On interlocutory grant, Sumter Regional Hospital, Inc. and Jerry Adams, its Chief Executive Officer, appeal the trial court's denial of their motion for summary judgment against Sumter Free Press, contending that statements made by Adams to four Americus businesses could not, as a matter of law, constitute tortious interference with Sumter Free Press' business relations. For the reasons set forth below, we reverse the trial court.
To prevail at summary judgment under OCGA 9-11-56
, the moving party must demonstrate that there is no genuine issue of material fact and that the undisputed facts, viewed in the light most favorable to the nonmoving party, warrant judgment as a matter of law. OCGA 9-11-56
Lau's Corp. v. Haskins. 1
1. Viewed in the light most favorable to Sumter Free Press, the record contains no support for the newspaper's claims for tortious interference.
The essential features of a cause of action for tortious interference with business relations are that the defendant, acting improperly, without privilege, and with the malicious intent to injure plaintiff, induces a third party not to enter into or to continue a business relationship with plaintiff, which causes plaintiff financial injury.
Lively v. McDaniel; 2
Janet Ricker Builder v. Gardner. 3
We note at the outset that Adams' conversations with three of the four businesses with whom Adams had contact did not result in any financial injury to Sumter Free Press and did not, therefore, constitute tortious interference with its business relations as to those incidents. We therefore focus only on Adams' fourth communication with Linda McLendon in determining whether or not summary judgment should have been granted.
Beginning in 1996, J. Frank Myers, Jr. was a vociferous critic of the hospital and Adams. Myers voiced his criticisms not only in letters to the editor in the Americus Times-Recorder, but also in paid advertisements with the newspaper. Additionally, Myers mailed flyers to members of the public, which flyers accused Adams, in part, of mismanagement and of being a liar and a thief and encouraged Adams' removal.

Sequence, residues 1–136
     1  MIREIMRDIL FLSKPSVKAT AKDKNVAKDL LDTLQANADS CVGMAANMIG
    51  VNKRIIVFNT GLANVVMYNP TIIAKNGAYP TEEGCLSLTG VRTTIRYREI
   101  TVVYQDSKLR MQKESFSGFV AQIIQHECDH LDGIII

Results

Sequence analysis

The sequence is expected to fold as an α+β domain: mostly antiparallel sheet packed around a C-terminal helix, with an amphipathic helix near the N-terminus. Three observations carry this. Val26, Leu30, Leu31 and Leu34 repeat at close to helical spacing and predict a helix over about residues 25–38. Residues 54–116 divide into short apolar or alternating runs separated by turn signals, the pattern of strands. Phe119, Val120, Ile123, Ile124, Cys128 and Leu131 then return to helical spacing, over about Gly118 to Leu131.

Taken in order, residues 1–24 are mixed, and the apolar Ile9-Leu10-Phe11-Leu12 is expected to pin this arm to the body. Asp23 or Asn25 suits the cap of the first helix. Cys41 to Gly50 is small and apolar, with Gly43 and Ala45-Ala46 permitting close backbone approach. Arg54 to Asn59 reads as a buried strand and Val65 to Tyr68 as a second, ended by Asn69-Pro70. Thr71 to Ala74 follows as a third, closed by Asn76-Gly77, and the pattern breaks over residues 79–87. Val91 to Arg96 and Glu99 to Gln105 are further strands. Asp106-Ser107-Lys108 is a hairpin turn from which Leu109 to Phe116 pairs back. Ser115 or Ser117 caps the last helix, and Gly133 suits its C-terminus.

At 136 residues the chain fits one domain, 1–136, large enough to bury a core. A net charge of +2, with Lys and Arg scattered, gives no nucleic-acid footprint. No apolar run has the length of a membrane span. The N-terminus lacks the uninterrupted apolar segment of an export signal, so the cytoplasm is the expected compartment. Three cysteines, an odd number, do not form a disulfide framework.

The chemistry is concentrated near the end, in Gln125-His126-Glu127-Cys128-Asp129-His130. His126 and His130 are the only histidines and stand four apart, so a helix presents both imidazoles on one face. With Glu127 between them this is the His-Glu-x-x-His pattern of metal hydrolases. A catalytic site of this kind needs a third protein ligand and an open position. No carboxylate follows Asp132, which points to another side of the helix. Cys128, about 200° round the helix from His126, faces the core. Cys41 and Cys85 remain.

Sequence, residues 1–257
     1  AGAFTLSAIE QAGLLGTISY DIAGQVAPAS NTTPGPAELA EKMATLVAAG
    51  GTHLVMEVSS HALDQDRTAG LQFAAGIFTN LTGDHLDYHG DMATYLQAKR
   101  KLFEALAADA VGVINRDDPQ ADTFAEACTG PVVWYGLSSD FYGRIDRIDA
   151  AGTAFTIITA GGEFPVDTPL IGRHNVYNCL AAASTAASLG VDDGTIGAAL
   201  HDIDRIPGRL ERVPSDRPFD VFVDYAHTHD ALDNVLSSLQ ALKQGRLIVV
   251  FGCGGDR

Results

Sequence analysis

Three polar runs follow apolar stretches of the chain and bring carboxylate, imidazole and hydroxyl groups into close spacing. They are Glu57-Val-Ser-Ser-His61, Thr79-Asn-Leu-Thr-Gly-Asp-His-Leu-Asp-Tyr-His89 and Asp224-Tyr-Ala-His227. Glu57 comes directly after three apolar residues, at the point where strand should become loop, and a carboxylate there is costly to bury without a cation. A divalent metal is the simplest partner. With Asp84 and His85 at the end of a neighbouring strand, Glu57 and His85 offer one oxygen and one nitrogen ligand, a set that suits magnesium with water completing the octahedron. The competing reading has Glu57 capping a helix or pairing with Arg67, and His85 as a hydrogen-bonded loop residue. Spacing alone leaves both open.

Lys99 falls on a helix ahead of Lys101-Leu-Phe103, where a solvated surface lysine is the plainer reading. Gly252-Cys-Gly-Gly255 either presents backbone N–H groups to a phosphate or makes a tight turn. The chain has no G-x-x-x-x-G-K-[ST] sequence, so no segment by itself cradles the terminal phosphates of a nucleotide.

In March 1998, Myers founded Sumter Free Press, which he used as a public vehicle to disseminate his criticisms of Adams and the hospital. Adams, clearly upset by the accusations printed in the Sumter Free Press, decided that he would not patronize businesses that advertised in that paper because, by doing so, he would be "financing [his] own demise." Myers deposed that McLendon, Adams' barber, told him that she had to cancel her advertisement with Sumter Free Press because Adams had told her that he would not do business with those who advertized with Sumter Free Press and she did not want to lose Adams' business.
McLendon was not deposed, and there is no evidence, having probative value, which establishes this fact. During Adams' deposition, he testified that he had told McLendon that Myers was trying to destroy him personally and that he had a problem spending his money where his money would then be used to finance the efforts to cause him a problem. On cross-examination, he was asked: "Q. Did you request that she not advertise with Sumter Free Press? A. No."
There is no probative evidence of record that Adams asked McLendon not to advertise in the Sumter Free Press. Neither is there evidence that Sumter Free Press suffered any losses as a result of Adams' conduct. Myers' testimony concerning McLendon's alleged statement is hearsay, which has no probative value, even when admitted without objection. 4
See OCGA 9-11-56
(e); Sykes v. City of Atlanta 5
(evidentiary rules apply on motion for summary judgment); Davis v. Haupt Bros. Gas Co. 6
(hearsay has no probative value). Thus, even construing the facts in a light most favorable to Sumter Free Press, there is no nexus between Adams' conduct and any loss of business by Sumter Free Press. See Calhoun v. Cullum's Lumber Mill 7
(upholding grant of summary judgment to defendants on tortious interference with contract claim because plaintiff could not show nexus between its unsuccessful attempt to purchase certain property and the defendants' actions).
2. We need not address the defendants' enumerations regarding conspiracy and boycott claims because the complaint does not assert such claims and Sumter Free Press acknowledges this fact in its brief. Because we find that the trial court erred by denying appellants' motion for summary judgment, defendants' remaining enumerations of error, which relate to damages, are rendered moot.
Harper & Barnes, John V. Harper, James F. Myers III, for appellees.